Dessau, Weimar, Markneukirchen, Dresden drive 2nd March 2008
On to Weimar, where we were thankfully undercharged for a Pension for the night and ate a hearty Thuringer-style meal of dumplings, Schwein and cabbage (myself) and Schnitzel and Bratkartoffeln (Stacey). It's picturesque. Goethe and Schiller lived here for a bit so perhaps this is the German Stratford upon Avon. Lots of tourists, even off season. Stacey took over driving the next day- through the increasingly hilly landscape towards the Czech border- as I was feeling a bit ill and useless. Markneukirchen (Musikstadt Markneukirchen, its tourism site proclaims) is the former center for East German stringed instrument manufacture. That includes Musima electric guitars, acoustic, zithers, and a whole bunch of connected pseudo-brands like Migma and Meinel und Herold. For more about this sort of thing, read the history of guitars behind the iron curtain on Junk Guitars.com. The place doesn't look too happy these days though. Huge Jugendstil villas that line the steep valley are boarded-up or left open to the elements. In one of these formerly abandoned merchants houses though is the excellent Framus museum. Opened a couple of years ago it features some of the excellent original designs Framus came up with in the 60s and 70s, when European guitar makers didn't simply copy American designs. I particularly loved the offset semi-hollow models (see 'Images' on the right). Up in the attic of the Museum they even let you try some of the new Framus models: high quality instruments produced after the brand was resurrected by Warwick in the 90s. The build quality and sound of the Mayfield, for example, is excellent (list: €2000). The guitar designs themselves however are rather staid and not a patch on former glories. I can be quite confident in saying we were the only visitors that day.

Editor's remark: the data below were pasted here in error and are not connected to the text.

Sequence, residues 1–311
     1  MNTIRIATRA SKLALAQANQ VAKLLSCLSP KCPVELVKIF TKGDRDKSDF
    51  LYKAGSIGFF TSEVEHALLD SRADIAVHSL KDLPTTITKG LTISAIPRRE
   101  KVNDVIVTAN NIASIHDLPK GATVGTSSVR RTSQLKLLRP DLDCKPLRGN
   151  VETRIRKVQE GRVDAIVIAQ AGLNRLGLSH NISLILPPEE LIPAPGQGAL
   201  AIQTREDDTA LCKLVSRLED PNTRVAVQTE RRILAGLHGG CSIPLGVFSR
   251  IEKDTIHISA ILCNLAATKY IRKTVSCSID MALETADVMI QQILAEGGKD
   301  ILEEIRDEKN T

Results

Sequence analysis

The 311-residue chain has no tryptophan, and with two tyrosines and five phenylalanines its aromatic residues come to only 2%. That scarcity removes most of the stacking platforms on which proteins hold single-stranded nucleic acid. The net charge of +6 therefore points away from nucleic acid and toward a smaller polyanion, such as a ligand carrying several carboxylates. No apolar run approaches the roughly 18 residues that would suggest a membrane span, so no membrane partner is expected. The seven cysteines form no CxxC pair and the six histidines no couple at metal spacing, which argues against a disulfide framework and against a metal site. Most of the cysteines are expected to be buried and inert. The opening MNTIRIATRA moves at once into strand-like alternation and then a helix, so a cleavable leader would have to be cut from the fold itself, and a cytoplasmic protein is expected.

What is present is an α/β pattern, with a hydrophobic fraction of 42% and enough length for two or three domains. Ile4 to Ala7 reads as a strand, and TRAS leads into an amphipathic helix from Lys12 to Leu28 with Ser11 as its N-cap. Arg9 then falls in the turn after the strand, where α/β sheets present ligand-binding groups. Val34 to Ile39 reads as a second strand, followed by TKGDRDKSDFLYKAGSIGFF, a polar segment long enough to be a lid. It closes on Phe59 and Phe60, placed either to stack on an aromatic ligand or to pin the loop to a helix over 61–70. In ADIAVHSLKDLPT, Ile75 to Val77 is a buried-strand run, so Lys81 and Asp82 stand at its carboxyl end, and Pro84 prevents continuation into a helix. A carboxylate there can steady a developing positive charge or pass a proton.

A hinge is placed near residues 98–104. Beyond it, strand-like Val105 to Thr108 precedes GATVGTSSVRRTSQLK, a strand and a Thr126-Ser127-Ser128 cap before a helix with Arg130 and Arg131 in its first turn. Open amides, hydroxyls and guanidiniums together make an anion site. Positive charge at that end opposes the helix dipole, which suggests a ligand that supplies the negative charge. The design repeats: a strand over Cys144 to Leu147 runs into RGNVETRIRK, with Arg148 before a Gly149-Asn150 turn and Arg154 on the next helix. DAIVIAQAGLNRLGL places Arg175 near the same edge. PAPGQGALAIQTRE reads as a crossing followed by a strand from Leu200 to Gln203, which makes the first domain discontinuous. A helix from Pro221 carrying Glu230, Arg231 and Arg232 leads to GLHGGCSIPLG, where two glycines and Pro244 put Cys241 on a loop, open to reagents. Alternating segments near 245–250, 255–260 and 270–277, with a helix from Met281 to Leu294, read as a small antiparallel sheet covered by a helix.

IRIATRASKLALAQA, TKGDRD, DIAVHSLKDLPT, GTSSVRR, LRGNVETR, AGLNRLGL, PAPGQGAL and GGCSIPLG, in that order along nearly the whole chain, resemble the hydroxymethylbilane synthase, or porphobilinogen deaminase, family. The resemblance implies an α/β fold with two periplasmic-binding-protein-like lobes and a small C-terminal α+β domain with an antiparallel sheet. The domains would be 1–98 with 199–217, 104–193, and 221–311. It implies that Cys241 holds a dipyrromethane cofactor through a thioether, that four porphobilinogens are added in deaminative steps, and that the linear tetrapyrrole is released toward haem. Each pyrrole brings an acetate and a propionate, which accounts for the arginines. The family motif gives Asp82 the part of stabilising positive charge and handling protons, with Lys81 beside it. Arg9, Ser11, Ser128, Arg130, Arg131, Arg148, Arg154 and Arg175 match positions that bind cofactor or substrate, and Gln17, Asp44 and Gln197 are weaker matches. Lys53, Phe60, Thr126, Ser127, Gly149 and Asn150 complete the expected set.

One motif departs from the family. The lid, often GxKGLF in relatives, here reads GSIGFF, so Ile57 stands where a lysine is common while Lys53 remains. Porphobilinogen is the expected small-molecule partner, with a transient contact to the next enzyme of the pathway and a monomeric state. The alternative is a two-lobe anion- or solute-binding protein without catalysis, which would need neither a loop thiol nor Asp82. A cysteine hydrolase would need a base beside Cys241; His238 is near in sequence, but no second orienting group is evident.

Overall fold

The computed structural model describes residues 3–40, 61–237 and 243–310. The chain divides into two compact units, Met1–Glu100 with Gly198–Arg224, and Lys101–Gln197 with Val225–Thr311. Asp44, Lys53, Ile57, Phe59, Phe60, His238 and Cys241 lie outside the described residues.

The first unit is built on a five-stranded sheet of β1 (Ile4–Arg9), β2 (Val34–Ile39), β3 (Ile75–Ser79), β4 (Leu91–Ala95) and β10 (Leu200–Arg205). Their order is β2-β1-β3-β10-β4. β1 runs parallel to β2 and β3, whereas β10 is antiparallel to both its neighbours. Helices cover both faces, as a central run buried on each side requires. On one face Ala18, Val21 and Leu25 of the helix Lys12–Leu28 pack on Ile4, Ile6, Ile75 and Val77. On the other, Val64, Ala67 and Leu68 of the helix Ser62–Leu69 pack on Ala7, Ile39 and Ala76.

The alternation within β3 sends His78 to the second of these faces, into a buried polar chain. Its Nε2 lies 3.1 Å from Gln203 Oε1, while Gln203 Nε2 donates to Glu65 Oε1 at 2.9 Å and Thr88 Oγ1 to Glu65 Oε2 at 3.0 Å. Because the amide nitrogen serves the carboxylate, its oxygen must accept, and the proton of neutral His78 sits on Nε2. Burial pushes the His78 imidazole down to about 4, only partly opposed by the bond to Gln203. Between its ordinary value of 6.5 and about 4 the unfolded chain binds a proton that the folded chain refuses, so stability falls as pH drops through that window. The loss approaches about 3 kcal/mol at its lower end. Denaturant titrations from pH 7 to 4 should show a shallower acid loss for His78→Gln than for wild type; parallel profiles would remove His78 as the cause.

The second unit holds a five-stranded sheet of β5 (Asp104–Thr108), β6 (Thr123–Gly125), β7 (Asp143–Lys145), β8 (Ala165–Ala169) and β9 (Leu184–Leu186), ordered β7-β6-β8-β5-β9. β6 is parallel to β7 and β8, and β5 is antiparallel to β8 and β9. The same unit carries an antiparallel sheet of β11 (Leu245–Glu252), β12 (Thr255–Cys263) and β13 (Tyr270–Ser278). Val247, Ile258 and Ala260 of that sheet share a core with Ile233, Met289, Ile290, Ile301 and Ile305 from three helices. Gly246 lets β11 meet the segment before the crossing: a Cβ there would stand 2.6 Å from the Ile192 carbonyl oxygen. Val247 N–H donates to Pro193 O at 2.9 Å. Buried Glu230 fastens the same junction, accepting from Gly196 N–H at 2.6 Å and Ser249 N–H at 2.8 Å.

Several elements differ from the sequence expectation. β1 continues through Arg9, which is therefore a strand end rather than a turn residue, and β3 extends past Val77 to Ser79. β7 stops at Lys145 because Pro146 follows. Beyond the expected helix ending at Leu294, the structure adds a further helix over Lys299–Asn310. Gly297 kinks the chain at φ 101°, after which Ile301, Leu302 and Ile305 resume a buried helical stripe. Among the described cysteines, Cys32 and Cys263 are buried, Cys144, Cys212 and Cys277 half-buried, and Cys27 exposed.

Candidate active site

Prager Str in central Dresden features three entire Plattenbau blocks converted into Ibis Hotels. We spent the night in soulless Ibis comfort having explored the city at night in the hunt for a non-touristy Italian restaurant. Dresden has it's own equivalent of the former Palast des Republiks, the Kulturpalast, complete with coppered glass and gaudy Socialist Realist frieze. The reconstruction of some of the baroque architecture was none too sympathetically carried out during the GDR days, but overall the old town is beautiful to walk around. There's still very much to be done, and the city feels more of a building site than even Berlin. Huge archaeological digs in various parts of the old town displaying medieval foundations, wells, stairs and cellars are a constant reminder of what was lost in the citys pointless and wasteful firebombing at end of the Second World War.